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Learning Experience Paper Essay Sample

Learning Experience Paper Pages
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Phobia is where a person is afraid of certain things or situations such as being or speaking in public, snakes, spiders, dogs, clowns, or open spaces. Acrophobia is an informal learning experience of being afraid of heights. This type of phobia belongs to a specific classification of phobias known as space and motion discomfort. Acrophobia can be dangerous, as victims can suffer an anxiety attack in a high place and become too anxious to get down cautiously. I suffer from a severe degree of acrophobia that prevents me from renting an apartment on any floor other than the ground floor. When I did live on the second floor of an apartment complex, I had to keep my window blinds closed causing my claustrophobia to kick in, which in turn, caused a severe anxiety attack. People with acrophobia may also experience other phobias or types of anxiety. I suffer from several phobias like being in public, spiders, closed spaces, and heights but was also diagnosed with bipolar II, PTSD, and anxiety disorder.

Acrophobia can have a negative effect on a person’s life by restricting their job possibilities or where to go for vacation and one’s regular day-to-day situations such as changing a light bulb in a ceiling fan or hanging new window curtains. One might ask, how could someone become afraid of heights? Some psychologists debate the cause of phobias claiming that they are instigated by early traumatic experiences. Fear in itself is an emotion known as anxiety that is produced by the brain when there is the presence of danger or to keep us away from a possible dangerous situation. In relation to acrophobia, these experiences might consist of a person that has suffered from falling from a high place or has seen someone else get hurt from falling from a high place. The main word in the definition is “irrational.” Being afraid of falling off a high mountain top is rational, also known as an unconditional stimulus. Using caution when looking over a bridge railing is sensible, also known as an unconditioned response. If you have fallen from a high place, it is normal to have a recovery time where your fear of heights is intensified; an extremely long time may be a sign of Post-Traumatic Stress Disorder rather than a phobia.

The fear of heights become a phobia when a person is afraid to climb the stairs with railing to the second floor of a building or becomes nauseous by a movie scene looking at the ground from a building top or a plane. Acrophobia could also be caused by modeling. I suffer from being afraid of heights; it is not uncommon that my son and daughter are also afraid of heights. Acrophobia is so common that it may be a factor of genetics. Recent studies have shown that a particular amount of hesitancy around heights is a natural feeling found in animals and human beings. Heights are a rational hazard for people to be afraid of, and maybe fear of heights help people refrain themselves from taking unnecessary risks. Most people suffer from acrophobia to some degree even if it is only the feeling of discomfort when standing at a very high ledge.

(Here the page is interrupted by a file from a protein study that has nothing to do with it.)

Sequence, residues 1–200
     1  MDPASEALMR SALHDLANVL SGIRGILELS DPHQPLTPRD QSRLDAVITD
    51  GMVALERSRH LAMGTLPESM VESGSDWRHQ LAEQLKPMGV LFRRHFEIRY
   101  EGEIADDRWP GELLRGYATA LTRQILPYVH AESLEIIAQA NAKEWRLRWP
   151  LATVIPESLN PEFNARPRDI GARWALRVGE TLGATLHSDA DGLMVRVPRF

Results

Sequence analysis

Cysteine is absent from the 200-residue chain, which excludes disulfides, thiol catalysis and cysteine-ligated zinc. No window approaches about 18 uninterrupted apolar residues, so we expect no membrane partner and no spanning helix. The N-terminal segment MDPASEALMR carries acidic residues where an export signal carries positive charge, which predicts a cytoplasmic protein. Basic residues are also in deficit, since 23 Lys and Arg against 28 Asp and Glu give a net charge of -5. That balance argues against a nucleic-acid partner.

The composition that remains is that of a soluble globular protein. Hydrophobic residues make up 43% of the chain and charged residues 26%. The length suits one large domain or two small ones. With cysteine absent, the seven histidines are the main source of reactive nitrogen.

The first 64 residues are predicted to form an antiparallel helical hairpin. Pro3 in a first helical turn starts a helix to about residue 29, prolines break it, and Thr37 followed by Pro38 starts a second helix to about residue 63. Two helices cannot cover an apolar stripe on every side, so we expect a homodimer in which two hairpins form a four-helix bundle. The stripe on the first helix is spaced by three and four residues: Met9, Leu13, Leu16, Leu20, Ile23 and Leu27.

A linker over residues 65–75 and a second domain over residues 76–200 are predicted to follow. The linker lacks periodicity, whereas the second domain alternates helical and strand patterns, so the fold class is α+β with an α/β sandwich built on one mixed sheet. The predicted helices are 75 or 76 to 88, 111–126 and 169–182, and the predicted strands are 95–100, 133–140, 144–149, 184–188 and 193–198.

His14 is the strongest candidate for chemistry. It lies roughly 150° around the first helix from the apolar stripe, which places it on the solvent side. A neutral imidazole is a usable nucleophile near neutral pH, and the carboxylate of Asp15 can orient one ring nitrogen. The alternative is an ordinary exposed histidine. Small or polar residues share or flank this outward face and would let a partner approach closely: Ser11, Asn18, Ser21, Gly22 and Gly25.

In 1960, famous research psychologists Gibson and Walk did a “Visual Cliff” experimentation which exhibited human infants and toddlers, along with other animals of different ages, to be hesitant in venturing onto a glass floor with a view of a few meters of obvious empty space below it. Even though the infant’s mothers were there for encouragement, the children did not seem convinced that it was safe. For that reason, acrophobia seems to be somewhat imbedded as a survival method (Phobia Fears, 2010). On the other hand, not all people suffer from acrophobia, which challenges the contention that fear of heights is genetically encoded into humans. If you have stress or anxiety or some life change issue, you may suffer a panic attack at height. If so, the height may become the hook for your anxiety. Then you fear another attack so a fear of heights occurs. Hypnotherapy can break the fear-panic-fear link through relearning that experience and finding a hook or link to relaxation instead of anxiety. Such cyclical thought patterns can be broken quite easily.

References

Kring, A. M., Johnson, S. L., Davison, G. C., & Neale, J. M. (May, 2014). Abnormal Psychology. Retrieved from http://www.goodtherapy.org/blog/psychpedia/acrophobia Phobia Fears. (2010,
March). Acrophobia: Fear of Heights. Retrieved from http://www.phobiafears.com/phobia/acrophobia-fear-of-heights/ StudyMode.com. (2010, August). Learning Experience Paper. Retrieved from http://www.studymode.com/essays/Learning-Experience-Paper-387494.html Steinman, S. A., & Teachman, B. A. (2014). Reaching new heights: Comparing interpretation bias modification to exposure therapy for extreme height fear. Journal of Consulting and Clinical Psychology, 82(3), 404. Retrieved from http://search.proquest.com/docview/1532769426?accountid=458 Loken, E. K., Hettema, J. M., Aggen, S. H., & Kendler, K. S. (2014). The structure of genetic and environmental risk factors for fears and phobias. Psychological Medicine, 44(11), 2375-2384. doi:http://dx.doi.org/10.1017/S0033291713003012

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